Tag Archives: Knower/Judger

The nature of anger

From Volume 11, Issue 3:What makes you angry? Politics? Bad manners? Erratic driving? Poor service?

And why, when so triggered, do you express the emotion anger?

Psychologist Gail Brenner, whom I’ve been reading lately, has dived deeply into this emotion, and it ties in with the nomenclature I’ve been using to describe reactive behaviors in this newsletter. Anger exists in the Knower/Judger. It’s learned.

Love means never having to say you’re sorry

From Volume 11, Issue 3:Have you ever thought of the various uses of “I’m sorry”?

There are people who perpetually apologize for things that don’t warrant an apology—sometimes they’re just prefacing a simple sentence, like “I’m sorry, can we have a conversation about your time card for last week?”

Or they say “I’m sorry” every time they pass someone closely in a hallway. For these people, it’s a trained reaction. My experience has been that these folks learned this at an early age and frequently beat themselves up about not executing their lives to perfection.

Developing power in a conversation

From Volume 11, Issue 2:You’re in a conversation with your co-worker. Your opinions on the subject at hand are clearly disparate. And you both absolutely and truly believe you are right. How does that conversation go?

“Are too!” “Are not!” “Are too!” “Are not!” (ad nauseum)

A happy discontent

From Volume 11, Issue 2:We’ve been down this discussion road before. The older I get the clearer I get when distinguishing between satisfaction and happiness.

Perhaps it’s just my definitions that help me feel clearer about the distinction, and that helps me make decisions day-to-day, minute-to-minute on what’s important—a version of interactive triage.

For those who’ve followed this line of thought in the past, you will recognize that I perceive satisfaction as the degree to which I’ve accomplished some goal I set out to accomplish.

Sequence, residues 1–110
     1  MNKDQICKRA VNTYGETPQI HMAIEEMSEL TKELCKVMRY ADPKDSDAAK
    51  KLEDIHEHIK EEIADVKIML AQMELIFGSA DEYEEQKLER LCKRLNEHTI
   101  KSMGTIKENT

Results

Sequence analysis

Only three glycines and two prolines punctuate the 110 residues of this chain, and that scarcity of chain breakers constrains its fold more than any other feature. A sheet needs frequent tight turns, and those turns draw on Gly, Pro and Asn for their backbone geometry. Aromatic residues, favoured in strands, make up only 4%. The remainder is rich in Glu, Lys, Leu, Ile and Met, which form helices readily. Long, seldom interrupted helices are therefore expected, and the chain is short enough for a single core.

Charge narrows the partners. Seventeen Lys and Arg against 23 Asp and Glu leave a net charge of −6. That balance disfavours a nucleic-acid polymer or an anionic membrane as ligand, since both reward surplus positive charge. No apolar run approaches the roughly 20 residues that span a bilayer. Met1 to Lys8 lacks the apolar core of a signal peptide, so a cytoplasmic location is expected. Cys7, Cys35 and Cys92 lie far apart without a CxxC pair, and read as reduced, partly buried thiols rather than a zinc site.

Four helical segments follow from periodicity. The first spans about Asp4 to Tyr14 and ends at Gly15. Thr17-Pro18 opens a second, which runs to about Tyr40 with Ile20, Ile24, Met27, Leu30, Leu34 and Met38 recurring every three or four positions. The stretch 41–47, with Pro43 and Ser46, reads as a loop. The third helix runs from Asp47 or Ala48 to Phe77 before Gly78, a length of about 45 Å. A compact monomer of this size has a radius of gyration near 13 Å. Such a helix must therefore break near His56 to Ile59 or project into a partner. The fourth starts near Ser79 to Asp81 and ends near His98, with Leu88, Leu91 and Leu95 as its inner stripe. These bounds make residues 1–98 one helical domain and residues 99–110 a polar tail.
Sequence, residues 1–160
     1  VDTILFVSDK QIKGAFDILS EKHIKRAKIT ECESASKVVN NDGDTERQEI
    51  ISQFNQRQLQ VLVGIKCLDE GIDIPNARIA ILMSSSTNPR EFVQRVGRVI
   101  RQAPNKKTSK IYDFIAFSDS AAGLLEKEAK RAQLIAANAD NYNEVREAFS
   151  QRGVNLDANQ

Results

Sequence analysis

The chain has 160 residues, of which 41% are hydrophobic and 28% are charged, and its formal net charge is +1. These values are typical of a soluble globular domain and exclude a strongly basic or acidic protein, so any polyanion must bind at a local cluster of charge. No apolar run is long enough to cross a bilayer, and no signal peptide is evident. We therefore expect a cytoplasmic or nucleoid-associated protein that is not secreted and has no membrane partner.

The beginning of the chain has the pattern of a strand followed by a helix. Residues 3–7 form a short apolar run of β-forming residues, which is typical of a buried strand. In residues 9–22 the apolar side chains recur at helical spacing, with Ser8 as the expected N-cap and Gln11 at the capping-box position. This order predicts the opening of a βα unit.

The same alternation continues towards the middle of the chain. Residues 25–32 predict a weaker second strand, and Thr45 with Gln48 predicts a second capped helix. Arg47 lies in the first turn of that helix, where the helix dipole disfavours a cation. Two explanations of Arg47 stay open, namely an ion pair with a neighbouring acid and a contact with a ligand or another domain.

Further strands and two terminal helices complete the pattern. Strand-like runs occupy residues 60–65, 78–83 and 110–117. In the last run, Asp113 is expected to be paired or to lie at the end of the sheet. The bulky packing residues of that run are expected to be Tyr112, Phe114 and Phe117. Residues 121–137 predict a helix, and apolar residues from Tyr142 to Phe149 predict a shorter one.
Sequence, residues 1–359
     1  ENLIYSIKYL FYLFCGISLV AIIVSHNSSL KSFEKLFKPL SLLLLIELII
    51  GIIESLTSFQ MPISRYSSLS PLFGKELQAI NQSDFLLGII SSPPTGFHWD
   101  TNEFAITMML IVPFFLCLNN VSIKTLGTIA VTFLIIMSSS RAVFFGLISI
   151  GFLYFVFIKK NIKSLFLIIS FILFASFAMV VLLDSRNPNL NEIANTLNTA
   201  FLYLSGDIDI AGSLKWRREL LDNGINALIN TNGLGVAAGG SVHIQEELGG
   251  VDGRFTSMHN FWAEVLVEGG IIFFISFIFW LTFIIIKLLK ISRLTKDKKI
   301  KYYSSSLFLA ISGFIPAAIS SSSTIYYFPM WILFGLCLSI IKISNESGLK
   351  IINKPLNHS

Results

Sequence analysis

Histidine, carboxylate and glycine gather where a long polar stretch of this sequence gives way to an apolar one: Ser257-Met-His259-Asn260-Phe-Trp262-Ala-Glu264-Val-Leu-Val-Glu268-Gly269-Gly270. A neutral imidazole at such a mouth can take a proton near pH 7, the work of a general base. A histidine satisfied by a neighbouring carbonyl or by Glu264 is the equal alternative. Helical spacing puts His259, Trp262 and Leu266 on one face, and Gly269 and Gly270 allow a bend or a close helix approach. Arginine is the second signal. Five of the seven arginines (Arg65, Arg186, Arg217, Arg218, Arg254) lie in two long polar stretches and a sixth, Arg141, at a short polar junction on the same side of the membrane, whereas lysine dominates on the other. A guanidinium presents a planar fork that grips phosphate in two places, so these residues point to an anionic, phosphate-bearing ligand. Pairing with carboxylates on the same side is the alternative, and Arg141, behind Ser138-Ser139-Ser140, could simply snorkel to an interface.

Prepare the Child

From Volume 11, Issue 1:Prepare the Child for the Road, not the Road for the Child. —Native American proverb

This article is basically an op. ed. piece. And it’s “parent-y.” It’s totally my opinion, and I’ll take any heat and commentary on it as productive.

It’s been my (and most transactional analysis psychologists’) premise that the experiences of our youth, from about two years old through about six, form our Knower/Judger persona. It is thought that through that age period we make decisions about how the world works and how we fit in it. We create our concepts of right and wrong, persuasion, self-worth, and thousands of things that we’ll compare ourselves against for the rest of our lives. We may even have a concept of the type of spouse we’ll marry, and, if we grow up in certain environments, even how often we should beat him or her.

Letting yourself learn

From Volume 10, Issue 12:Remember American History class? Blah, blah, blah, Lincoln, blah, blah blah, Gettysburg, blah, blah, blah….

Unless you’ve suddenly decided American history is now interesting, your retention of this material is probably minimal or limited to being proficient at Googling such topics.

The value of maybe

From Volume 10, Issue 12:There are tons of situations in which “maybe” is a non-productive response. Salespeople know “maybe” as a time-waster, indefinite, kick-the-can-down-the-road answer. Very non-committal. And salespeople live and die by commitments.

“Maybe” can be infuriating. I use it when I simply want to keep my options open no matter how badly the other person wants or needs a commitment from me.

Wanting

From Volume 10, Issue 11:Can you define something that you feel you want that isn’t tied directly to your Knower/Judger? That wouldn’t be satisfying some ego need? It’s tough, isn’t it? Money? Car? House? Relationship?

No cheese, please?

From Volume 10, Issue 11:How many times have you turned on a fake smile? Chances are, you’ve done it a lot, with colleagues, prospects, family, and friends—perhaps when told to “Say ‘cheese’.” Research on the sincerity of smiles (the spontaneous one vs. the one you try on when you’re offered broiled armadillo bites at a cocktail party) indicates there are good reasons to understand the value of a smile.

Altruism

From Volume 10, Issue 10:According to Scott Farrell, MD, altruism is “the belief in or practice of disinterested and selfless concern for the wellbeing of others.”

In contrast, egoism (a.k.a., egotism) is “an ethical theory that treats self-interest as the foundation of morality.”

These two terms are about as polar opposite as two words can be. Black/white. Good/evil. Angel/devil. Altrusim/egoism.

Not to be a pessimist, but I believe I see the world that I know gravitating FROM altruism TOWARD egoism.